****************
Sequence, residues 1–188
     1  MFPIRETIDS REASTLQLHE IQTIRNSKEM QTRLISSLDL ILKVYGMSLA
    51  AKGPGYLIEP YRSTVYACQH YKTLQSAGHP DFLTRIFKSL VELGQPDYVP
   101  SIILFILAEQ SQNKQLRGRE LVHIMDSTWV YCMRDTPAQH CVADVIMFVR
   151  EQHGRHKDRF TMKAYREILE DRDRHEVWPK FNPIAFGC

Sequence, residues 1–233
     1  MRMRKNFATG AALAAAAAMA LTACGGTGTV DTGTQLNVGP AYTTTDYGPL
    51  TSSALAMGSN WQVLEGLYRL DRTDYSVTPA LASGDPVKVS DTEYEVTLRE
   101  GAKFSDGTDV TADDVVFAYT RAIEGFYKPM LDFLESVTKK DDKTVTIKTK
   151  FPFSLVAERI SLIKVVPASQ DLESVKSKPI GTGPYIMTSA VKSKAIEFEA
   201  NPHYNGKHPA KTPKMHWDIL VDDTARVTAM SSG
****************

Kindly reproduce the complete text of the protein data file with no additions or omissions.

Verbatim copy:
Sequence, residues 1–188
     1  MFPIRETIDS REASTLQLHE IQTIRNSKEM QTRLISSLDL ILKVYGMSLA
    51  AKGPGYLIEP YRSTVYACQH YKTLQSAGHP DFLTRIFKSL VELGQPDYVP
   101  SIILFILAEQ SQNKQLRGRE LVHIMDSTWV YCMRDTPAQH CVADVIMFVR
   151  EQHGRHKDRF TMKAYREILE DRDRHEVWPK FNPIAFGC

Sequence, residues 1–233
     1  MRMRKNFATG AALAAAAAMA LTACGGTGTV DTGTQLNVGP AYTTTDYGPL
    51  TSSALAMGSN WQVLEGLYRL DRTDYSVTPA LASGDPVKVS DTEYEVTLRE
   101  GAKFSDGTDV TADDVVFAYT RAIEGFYKPM LDFLESVTKK DDKTVTIKTK
   151  FPFSLVAERI SLIKVVPASQ DLESVKSKPI GTGPYIMTSA VKSKAIEFEA
   201  NPHYNGKHPA KTPKMHWDIL VDDTARVTAM SSG